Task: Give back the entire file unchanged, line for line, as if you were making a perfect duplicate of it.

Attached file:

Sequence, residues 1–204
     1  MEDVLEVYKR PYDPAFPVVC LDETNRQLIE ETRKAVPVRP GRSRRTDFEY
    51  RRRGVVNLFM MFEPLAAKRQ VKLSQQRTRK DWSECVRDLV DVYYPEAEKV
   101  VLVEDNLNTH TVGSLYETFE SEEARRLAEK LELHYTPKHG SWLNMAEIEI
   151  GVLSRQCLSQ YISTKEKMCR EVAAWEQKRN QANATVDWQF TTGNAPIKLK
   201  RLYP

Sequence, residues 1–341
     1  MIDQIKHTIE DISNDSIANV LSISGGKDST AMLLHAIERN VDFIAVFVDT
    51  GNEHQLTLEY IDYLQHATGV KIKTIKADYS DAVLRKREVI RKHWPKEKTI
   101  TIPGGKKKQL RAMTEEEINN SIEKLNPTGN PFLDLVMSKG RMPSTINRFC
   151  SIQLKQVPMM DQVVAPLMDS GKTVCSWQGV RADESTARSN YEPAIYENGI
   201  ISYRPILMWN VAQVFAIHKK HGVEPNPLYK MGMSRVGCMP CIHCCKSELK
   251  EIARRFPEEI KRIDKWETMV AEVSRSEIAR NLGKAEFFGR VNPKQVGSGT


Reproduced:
Sequence, residues 1–204
     1  MEDVLEVYKR PYDPAFPVVC LDETNRQLIE ETRKAVPVRP GRSRRTDFEY
    51  RRRGVVNLFM MFEPLAAKRQ VKLSQQRTRK DWSECVRDLV DVYYPEAEKV
   101  VLVEDNLNTH TVGSLYETFE SEEARRLAEK LELHYTPKHG SWLNMAEIEI
   151  GVLSRQCLSQ YISTKEKMCR EVAAWEQKRN QANATVDWQF TTGNAPIKLK
   201  RLYP

Sequence, residues 1–341
     1  MIDQIKHTIE DISNDSIANV LSISGGKDST AMLLHAIERN VDFIAVFVDT
    51  GNEHQLTLEY IDYLQHATGV KIKTIKADYS DAVLRKREVI RKHWPKEKTI
   101  TIPGGKKKQL RAMTEEEINN SIEKLNPTGN PFLDLVMSKG RMPSTINRFC
   151  SIQLKQVPMM DQVVAPLMDS GKTVCSWQGV RADESTARSN YEPAIYENGI
   201  ISYRPILMWN VAQVFAIHKK HGVEPNPLYK MGMSRVGCMP CIHCCKSELK
   251  EIARRFPEEI KRIDKWETMV AEVSRSEIAR NLGKAEFFGR VNPKQVGSGT